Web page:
Thursday, August 12, 2010

Koreans Keep It Real

Koreans believe in Real Talk.

Let me explain. No, wait, first, I should define Real Talk.

Or, as many know it from the Chapelle Show, "Keepin' It Real."

Chappelle's Show
When Keeping it Real Goes Wrong - Brenda Johnson
Buy Chappelle's Show DVDsBlack ComedyTrue Hollywood Story

Now, let me explain.

This week in summer camp, I've been teaching a class about describing appearances. I have a powerpoint slide devoted to "things you should not tell your friends." 

Because in Korea, you can tell friends things like "you're hair looks bad today," or "you look fatter recently." In fact, this is considered a sign of closeness - you are being a good friend to inform your friend of these things.

It seems like, in Korea, everything is out there to be commented on. If you're ugly, fat, stupid, whatever, you know it  from a young age. Of course, this applies to positive attributes as well. For instance, I asked a girl to introduce herself for her speaking test. She said "My name is Seo-Young, I am in first grade and I am very pretty." 

I have yet to decide what I think of this cultural difference. On the one hand, it's sort of sad to watch girls and boys define themselves as ugly or pretty from a young age and act accordingly. (Most of the pretty girls are more interested in boys than schoolwork - then again, perhaps that's not so different from middle schoolers at home). On the other hand, maybe a little more Real Talk about weight in the U.S. would be a Good Thing.

Tuesday, August 10, 2010


Recently, I have been in a Bad Mood.

This is how I feel.
Even "Brett You Got it Going On" failed to make me feel better. I could blame my lack of blog updates on this but actually, I just ran out of opinions. I'm working on this.

Luckily, the internet being what it is, I know I am not alone in my feelings of rage.

And a helpful link to send to anyone responsible for your bad mood!
(How much do I love that the url of this site is "amish rake fight"?

This much:

Sorry, I have a weakness for tasteless jokes. )

Friday, July 9, 2010

What Does it Mean?

Woah. Just Woah.

Thanks for the link, Andrew.

I wish I felt this strongly about...anything.

Wednesday, July 7, 2010

Book Impressions - July

Instead of having "answers" on a math test, they should just call them "impressions," and if you got a different "impression," so what, can't we all be brothers?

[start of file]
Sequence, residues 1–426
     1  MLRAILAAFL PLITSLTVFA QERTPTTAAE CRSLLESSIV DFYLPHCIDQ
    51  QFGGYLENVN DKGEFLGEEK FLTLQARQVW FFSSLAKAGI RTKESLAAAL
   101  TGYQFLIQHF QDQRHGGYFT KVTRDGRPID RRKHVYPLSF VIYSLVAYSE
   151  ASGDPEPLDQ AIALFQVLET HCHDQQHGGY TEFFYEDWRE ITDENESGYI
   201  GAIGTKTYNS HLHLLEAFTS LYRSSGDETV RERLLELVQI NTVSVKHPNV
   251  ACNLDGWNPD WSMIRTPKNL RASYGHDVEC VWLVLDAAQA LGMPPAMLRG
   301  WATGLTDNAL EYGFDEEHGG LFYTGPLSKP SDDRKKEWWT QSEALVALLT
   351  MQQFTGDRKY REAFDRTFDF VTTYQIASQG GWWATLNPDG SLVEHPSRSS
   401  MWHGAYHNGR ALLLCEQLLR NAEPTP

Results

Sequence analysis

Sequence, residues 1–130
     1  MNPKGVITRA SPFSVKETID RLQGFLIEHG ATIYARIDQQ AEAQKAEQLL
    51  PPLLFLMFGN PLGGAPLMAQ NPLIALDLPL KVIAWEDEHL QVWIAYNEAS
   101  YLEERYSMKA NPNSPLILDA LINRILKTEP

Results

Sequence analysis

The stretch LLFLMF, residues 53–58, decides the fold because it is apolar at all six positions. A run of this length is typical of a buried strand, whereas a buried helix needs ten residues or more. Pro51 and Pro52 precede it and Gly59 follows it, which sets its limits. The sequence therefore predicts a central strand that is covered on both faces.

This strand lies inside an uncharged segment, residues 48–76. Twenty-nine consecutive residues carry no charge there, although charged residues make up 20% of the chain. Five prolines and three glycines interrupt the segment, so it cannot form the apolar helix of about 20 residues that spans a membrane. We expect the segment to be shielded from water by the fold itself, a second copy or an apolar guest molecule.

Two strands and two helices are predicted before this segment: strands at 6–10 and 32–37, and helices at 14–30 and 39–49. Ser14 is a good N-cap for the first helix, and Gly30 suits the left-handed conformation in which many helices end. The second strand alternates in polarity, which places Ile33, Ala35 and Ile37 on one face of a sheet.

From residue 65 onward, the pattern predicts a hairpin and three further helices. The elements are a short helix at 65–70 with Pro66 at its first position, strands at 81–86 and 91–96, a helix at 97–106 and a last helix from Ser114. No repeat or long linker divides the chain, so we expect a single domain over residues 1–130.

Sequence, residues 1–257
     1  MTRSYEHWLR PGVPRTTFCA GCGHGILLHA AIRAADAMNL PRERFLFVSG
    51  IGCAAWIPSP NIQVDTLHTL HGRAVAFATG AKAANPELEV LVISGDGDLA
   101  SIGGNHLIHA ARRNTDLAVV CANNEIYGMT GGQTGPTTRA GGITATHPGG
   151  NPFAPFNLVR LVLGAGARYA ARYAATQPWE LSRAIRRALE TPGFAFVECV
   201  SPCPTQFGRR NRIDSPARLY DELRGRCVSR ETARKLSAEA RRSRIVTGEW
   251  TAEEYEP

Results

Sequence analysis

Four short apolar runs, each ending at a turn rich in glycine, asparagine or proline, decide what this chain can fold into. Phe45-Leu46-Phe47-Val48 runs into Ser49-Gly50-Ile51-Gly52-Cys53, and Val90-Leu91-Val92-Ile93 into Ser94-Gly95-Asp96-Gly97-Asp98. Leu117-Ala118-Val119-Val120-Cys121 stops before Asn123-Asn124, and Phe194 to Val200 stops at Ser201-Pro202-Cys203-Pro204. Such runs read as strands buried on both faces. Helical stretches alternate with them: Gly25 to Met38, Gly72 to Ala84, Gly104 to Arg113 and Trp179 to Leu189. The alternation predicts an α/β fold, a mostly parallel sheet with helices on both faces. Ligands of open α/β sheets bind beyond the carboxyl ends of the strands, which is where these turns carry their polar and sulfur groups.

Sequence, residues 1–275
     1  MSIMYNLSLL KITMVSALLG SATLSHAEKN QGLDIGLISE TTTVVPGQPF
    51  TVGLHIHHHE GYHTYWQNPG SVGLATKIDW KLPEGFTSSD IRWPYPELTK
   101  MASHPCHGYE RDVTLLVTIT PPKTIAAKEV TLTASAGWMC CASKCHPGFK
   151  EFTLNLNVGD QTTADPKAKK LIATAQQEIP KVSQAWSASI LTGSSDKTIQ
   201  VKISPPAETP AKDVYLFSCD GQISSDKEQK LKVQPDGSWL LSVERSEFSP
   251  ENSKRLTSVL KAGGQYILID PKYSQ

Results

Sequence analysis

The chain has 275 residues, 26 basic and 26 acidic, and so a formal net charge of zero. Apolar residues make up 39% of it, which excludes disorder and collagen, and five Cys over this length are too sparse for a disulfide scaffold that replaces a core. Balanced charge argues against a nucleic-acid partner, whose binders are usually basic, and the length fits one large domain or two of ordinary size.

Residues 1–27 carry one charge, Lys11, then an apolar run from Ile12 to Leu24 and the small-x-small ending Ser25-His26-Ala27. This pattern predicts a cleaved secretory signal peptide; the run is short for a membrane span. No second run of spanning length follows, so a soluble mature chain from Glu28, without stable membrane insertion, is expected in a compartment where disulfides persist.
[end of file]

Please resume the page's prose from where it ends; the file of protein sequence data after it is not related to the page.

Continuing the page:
- Jack Handy

Hence, I am calling this 'Book Impressions' instead of 'Book Reviews.' Also, because 'reviews' sounds too serious for my uninformed drabble about books I've read.

After Dark
Haruki Murakami

First, a Zen proverb - "If you understand, things are just as they are; if you do not understand, things are just as they are."

After reading a few Murakami novels, it seems to me that this is his guiding philosophy. The story is interesting but don't expect to be elucidated by the end.

The novel follows 19 -year-old Mari's night in Tokyo after missing the last train home. It is also about her beautiful, model sister, Eri, who is sleeping at home. It's also about a Chinese prostitute and a guy who beats her up and steals her clothes.

You can tell Murakami owned a jazz bar. All of his writing is so moody and atmospheric. Also, it tends to be a good primer for jazz and classical music.
Northanger Abbey
Jane Austen

I really enjoy Jane Austen and Pride & Prejudice is one of my favorite novels. In fact, in my family we used to watch the six-hour BBC mini-series every holiday season.

But, Real Talk here for a second, I feel a little gyped by this book. The characters are likable, the plot is pretty decent, Austen is witty as always. But, this 200-page novel concludes in about two pages, and involved a deus ex machina to boot. This annoys me. I mean, really, Jane Austen? I know it's supposed to be a satire of the gothic romance genre but you involved me emotionally. That's no way to treat a reader.

That said, it was delightful until said last two pages. The tone was a bit more satirical and immature than Austen's other stories. Definitely, light reading - there are few heavy themes, symbols or leit-motifs to puzzle over, which is a bit nice after Murakami.

For Whom the Bell Tolls
Ernest Hemingway

I get the feeling most people read this book for a class in high school or college. It's stereotypical Hemingway - super manly and all about war. Though war stories are not usually My Thing, I enjoyed this a lot.

It also made me feel really ignorant about the Spanish Civil War. Luckily, that's what wikipedia is for. Jeez, why does anyone bother going to college anymore?

College is just a place where white folks go to get read to by other white folks. I can read to myself - Tara, "True Blood"

(Just ignore my college degree right now.)

But, dude, can we talk for a minute about Hemingway's Issues? His main character spends half the book in inner monologue about his father and how much he doesn't respect him and thinks he was a weak, cowardly person for committing suicide. But, Hemingway himself committed suicide (granted, by shooting himself in the head with a shotgun, which is one of the more ballsy ways a person can do such a thing).

But, what can you do when dementia runs in your family? Actually, I hear it runs in mine. Now, if only such things guaranteed literary success.

Monday, July 5, 2010

The Pursuit of Happiness

Recently, I've been giving a lot thought to what I'd like to do in the future.

Actually, that's a lie. Mostly, I've been zoning out, studying Korean and watching trashy TV. But I did end up talking to a guy in a bar here who got hired with Nielsen Consulting. Maybe I should try to do something like that.

In honor of deliberating over future plans...

Man, Kid Cudi is so good.